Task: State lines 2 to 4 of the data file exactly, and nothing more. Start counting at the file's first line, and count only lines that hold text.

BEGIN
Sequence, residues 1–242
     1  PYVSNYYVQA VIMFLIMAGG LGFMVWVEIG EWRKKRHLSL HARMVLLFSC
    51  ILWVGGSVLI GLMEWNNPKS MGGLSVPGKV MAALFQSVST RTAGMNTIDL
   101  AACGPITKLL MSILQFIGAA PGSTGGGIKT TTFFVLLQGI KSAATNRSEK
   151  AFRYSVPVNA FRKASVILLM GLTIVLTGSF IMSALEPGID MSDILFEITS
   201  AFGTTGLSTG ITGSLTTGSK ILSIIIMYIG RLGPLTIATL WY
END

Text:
     1  PYVSNYYVQA VIMFLIMAGG LGFMVWVEIG EWRKKRHLSL HARMVLLFSC
    51  ILWVGGSVLI GLMEWNNPKS MGGLSVPGKV MAALFQSVST RTAGMNTIDL
   101  AACGPITKLL MSILQFIGAA PGSTGGGIKT TTFFVLLQGI KSAATNRSEK